Wine (Vin) Tasting in France
Wine is produced in almost every region of France, but a few of these regions are the most famous. Top among them are Alsace, Bordeaux, Burgundy, Champagne, Languedoc-Roussillon, the Loire Valley, Provence, the Rhône and Savoie. When you travel France, be sure to visit a wine cellar, vineyard or local wine shop where you'll find the producers happy to talk with you about their wines.
Visiting a Winery
Small wine vintners may only accept visitors by appointment, but calling a couple of days (or even hours) in advance is usually adequate. Larger vineyards and cellars are open to the public and offer standard hours of operation. In most wine regions, you find local wine shops carrying a variety of wines to be tasted, compared and purchased. Other shops owned and operated by an individual wine maker will carry only that producer's wares.
At most major wineries a small charge is required for tasting wine. Smaller wineries do not charge, but expect that you will purchase a bottle or two of the wine after your sampling. If you have called ahead to visit a small winery, it is polite to make a purchase, keeping in mind that they have taken the extra effort to make time to visit with you.
Tasting the Wine
If you are going to a winery or local cellar or shop, keep the following wine tasting tips in mind.
Keep in mind that wine tasting is just that, a tasting. There is no need to drink the wine to fully appreciate its flavors. If you take a drink from each sample, you will not be able to distinguish the difference in qualities after a couple drinks. If you are visiting a winery where several samples will be offered, it is customary to taste and then spit out each sample, except possibly the final one. Typically you will find a bucket (un crachoir) for you to spit into. In a true cellar it is acceptable to spit the wine onto the floor. Typically you will be offered tastings in order from the lowest to highest quality, so saving the drink for the best and last is customary.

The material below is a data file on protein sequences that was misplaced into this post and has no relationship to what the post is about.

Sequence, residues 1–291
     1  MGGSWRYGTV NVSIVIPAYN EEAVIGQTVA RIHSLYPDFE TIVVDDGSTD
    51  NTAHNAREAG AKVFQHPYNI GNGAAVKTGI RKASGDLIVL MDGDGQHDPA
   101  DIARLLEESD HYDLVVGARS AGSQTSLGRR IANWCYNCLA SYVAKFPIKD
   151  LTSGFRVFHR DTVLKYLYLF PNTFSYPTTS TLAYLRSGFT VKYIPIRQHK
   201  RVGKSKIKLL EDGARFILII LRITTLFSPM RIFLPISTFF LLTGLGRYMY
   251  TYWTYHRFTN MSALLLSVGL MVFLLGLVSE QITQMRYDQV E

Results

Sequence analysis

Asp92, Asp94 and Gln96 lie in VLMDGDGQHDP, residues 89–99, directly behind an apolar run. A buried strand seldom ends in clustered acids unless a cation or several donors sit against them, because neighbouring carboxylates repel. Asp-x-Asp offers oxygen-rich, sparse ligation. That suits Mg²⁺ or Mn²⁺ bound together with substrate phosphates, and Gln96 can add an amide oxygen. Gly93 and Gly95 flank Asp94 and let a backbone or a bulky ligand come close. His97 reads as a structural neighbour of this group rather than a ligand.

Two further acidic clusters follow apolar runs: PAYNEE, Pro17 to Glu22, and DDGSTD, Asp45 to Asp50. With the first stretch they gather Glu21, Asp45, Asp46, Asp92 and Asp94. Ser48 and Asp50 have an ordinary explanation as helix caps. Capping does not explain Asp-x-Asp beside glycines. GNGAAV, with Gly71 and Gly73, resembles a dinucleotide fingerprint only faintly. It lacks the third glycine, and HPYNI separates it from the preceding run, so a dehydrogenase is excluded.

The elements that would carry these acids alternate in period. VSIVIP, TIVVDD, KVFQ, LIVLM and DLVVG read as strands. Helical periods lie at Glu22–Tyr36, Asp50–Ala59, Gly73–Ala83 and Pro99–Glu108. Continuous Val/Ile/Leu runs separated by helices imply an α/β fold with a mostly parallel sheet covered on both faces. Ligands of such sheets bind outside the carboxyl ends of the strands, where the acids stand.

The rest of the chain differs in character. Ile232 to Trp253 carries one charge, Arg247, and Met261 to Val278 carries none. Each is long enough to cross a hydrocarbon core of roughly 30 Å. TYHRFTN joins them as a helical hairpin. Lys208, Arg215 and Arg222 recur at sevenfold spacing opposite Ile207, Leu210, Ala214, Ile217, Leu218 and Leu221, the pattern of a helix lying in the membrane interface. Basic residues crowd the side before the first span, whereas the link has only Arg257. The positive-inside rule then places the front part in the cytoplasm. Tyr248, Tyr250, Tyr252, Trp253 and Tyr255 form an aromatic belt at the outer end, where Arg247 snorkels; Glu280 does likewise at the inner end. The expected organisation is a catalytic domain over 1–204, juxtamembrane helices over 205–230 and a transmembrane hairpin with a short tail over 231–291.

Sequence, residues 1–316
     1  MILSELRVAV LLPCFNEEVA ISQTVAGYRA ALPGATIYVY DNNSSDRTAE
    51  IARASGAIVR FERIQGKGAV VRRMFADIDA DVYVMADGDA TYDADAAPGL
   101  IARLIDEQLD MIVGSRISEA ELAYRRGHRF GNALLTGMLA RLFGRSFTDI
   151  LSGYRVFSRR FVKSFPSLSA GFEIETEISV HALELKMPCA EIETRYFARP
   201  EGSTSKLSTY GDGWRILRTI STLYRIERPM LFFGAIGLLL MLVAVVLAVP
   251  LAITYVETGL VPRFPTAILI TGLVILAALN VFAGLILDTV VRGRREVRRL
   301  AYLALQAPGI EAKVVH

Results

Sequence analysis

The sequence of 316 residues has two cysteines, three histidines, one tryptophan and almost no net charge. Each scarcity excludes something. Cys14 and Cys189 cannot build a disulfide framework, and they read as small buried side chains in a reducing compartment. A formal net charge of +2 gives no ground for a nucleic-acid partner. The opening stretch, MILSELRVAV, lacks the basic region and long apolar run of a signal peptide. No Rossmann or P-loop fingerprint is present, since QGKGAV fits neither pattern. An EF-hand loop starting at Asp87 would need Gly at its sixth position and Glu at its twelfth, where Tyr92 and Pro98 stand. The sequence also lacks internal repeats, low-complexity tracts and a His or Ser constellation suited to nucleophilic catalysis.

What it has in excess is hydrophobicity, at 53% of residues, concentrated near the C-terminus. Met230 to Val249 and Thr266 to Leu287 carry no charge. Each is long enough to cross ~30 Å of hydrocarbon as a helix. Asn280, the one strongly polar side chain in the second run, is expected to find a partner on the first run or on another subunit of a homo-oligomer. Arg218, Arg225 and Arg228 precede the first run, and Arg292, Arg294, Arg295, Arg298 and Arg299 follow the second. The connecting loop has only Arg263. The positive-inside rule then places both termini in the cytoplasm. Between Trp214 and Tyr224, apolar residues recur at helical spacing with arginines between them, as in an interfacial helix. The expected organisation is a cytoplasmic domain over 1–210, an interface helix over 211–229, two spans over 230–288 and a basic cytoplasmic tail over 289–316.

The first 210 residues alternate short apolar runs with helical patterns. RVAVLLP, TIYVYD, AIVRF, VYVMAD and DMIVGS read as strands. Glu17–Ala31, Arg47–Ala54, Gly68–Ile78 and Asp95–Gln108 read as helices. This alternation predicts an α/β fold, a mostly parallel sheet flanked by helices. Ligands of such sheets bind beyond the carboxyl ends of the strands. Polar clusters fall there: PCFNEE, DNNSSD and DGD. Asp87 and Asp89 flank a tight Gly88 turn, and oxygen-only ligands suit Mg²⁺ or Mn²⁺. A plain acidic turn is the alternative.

Classifications of French Wine
French wine is divided into the following classifications. These classifications relate to the controls that have been put into place on the production of the wine, and not necessarily the quality. While you might assume that those wines with the strictest controls will taste the best, this is not always true. Follow your taste buds!
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